Africa

Ethiopians Flee Tigray Capital In Fear Of Imminent Assault

NAIROBI, Kenya (AP) — Ethiopian Prime Minister Abiy Ahmed again ruled out dialogue with the leaders of the defiant Tigray region Friday but said he is willing to speak to representatives “operating legally” there during a meeting with three African Union special envoys trying to end the deadly conflict between federal troops and the region’s forces.

The meeting occurred as people fled the Tigray capital in fear of an imminent assault after Abiy said the army had been ordered to move in for the “final phase” of an offensive to arrest the leaders of the Tigray People’s Liberation Front who run the region. Abiy’s government and the regional one each consider the other illegitimate.

There was no immediate word from the three AU envoys, former Liberian President Ellen Johnson Sirleaf, former Mozambique President Joaquim Chissano and former South African President Kgalema Motlanthe. AU spokeswoman Ebba Kalondo did not say whether the envoys can meet with TPLF leaders, something Abiy’s office has rejected.

The prime minister appreciated the AU envoys’ “elderly concern” and told them his government’s failure to enforce the rule of law in Tigray would “nurture a culture of impunity with devastating cost to the survival of the country,” his office said.

Abiy, last year’s Nobel Peace Prize winner, has rejected international “interference.”

Fighting reportedly remained well outside Mekele, a densely populated city of a half-million people who had been warned by the Ethiopian government of “no mercy” if they didn’t separate themselves from the TPLF leaders in time. Abiy on Thursday told residents to stay indoors and disarm as the army, with tanks, was given the order to move in. His government has vowed to protect civilians.

With communications and transport links severed, it remains difficult to verify claims about the fighting that erupted Nov. 4 between Ethiopian forces and the heavily armed forces of the TPLF, which once dominated Ethiopia’s government but has been sidelined under Abiy’s rule.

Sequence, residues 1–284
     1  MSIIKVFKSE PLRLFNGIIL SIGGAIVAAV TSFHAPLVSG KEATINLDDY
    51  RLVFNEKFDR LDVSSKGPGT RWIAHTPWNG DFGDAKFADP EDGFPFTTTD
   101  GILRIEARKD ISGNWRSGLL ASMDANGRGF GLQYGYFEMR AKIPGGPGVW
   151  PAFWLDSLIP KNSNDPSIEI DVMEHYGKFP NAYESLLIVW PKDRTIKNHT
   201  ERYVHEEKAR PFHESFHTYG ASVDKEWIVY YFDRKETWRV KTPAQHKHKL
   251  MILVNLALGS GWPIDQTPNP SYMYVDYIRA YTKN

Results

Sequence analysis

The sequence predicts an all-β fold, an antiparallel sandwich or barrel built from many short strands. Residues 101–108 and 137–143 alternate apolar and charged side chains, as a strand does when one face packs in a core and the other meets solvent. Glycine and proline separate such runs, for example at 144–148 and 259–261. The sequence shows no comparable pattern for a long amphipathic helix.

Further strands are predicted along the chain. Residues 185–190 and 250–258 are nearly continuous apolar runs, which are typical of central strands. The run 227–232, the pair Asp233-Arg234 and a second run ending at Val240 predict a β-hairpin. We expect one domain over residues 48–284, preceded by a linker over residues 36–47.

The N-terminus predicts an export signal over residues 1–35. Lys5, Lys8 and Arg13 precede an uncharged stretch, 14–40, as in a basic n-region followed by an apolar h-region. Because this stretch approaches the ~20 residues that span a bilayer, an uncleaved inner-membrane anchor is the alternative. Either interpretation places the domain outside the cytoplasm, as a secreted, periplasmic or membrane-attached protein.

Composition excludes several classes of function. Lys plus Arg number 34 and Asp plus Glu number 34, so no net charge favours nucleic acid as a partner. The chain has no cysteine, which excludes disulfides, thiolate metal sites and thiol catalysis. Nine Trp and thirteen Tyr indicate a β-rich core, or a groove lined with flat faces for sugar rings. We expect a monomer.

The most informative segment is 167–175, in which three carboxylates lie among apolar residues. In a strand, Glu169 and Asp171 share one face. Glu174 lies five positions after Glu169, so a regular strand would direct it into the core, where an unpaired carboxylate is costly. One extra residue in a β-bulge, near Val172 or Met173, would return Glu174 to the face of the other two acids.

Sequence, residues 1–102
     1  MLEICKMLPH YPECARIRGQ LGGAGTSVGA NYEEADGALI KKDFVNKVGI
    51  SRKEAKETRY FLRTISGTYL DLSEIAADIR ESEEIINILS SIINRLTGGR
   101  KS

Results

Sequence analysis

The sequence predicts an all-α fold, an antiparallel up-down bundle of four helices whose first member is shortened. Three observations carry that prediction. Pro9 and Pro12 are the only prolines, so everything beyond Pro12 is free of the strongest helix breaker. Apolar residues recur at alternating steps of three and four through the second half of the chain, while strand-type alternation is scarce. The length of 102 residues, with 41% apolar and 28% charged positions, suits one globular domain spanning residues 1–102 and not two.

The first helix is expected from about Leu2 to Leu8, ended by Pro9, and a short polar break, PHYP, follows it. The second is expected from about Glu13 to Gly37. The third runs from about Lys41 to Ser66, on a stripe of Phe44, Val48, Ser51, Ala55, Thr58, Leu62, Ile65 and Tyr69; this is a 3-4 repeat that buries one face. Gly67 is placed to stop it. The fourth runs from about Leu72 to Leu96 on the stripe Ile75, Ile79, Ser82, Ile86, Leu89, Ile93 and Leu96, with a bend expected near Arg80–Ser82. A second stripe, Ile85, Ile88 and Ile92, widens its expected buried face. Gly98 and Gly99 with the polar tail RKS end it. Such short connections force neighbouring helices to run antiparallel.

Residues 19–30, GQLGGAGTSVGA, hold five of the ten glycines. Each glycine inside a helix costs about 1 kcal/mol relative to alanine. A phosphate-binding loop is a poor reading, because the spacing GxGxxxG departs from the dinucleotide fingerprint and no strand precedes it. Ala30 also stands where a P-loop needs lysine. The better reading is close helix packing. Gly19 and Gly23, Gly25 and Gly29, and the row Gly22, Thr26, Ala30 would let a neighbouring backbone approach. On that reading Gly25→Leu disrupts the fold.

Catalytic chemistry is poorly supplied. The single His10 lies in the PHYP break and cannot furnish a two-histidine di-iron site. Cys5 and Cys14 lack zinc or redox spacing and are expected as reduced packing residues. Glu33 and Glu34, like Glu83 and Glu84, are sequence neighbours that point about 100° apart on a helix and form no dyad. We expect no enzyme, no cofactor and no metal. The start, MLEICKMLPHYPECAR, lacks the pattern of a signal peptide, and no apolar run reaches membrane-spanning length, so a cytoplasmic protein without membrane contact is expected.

Hundreds, perhaps thousands, of people have been killed. The fighting threatens to destabilize Ethiopia, which has been described as the linchpin of the strategic Horn of Africa, and could even destabilize its neighbors.

Food and other supplies are running out in the Tigray region of 6 million people. The United Nations continues to urge immediate access for humanitarians that is neutral and impartial. Ethiopia’s government has said a “humanitarian access route” would open under the management of the country’s Ministry of Peace, with no details.

Multiple crises are growing. Some of the tens of thousands of refugees from Eritrea who are living in camps in northern Ethiopia have been in the line of fire as fighting sweeps by them.

Refugees have also told The Associated Press that Ethiopian forces near the border with Sudan are impeding people from leaving Ethiopia, while refugee crossings have largely slowed to a trickle. Ethiopia’s government has not commented on that.

More than 40,000 refugees have crossed into a remote part of Sudan where local communities and humanitarian workers struggle to provide food, shelter and care. Nearly half of the refugees are children. The spread of COVID-19 is just one concern.

“We cannot keep social distancing here in the camp,” said Mohammed Rafik Nasri, from the U.N. refugee agency. “It is really challenging among the several issues in need that are growing because the number is growing. Today we are receiving a convoy of 1,000 arriving in the camp. And shelter is one of the biggest challenges that we have at the moment.”

Scared, sometimes without word of loved ones left behind, the refugees continue to share horrific accounts of the fighting and plead for it to stop.

“It makes me so sad. The country has no peace. You see one tribe killing another. It is so hard,” said one, Atsbaha Gtsadik.

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Fay Abuelgasim in Umm Rakouba, Sudan, contributed.

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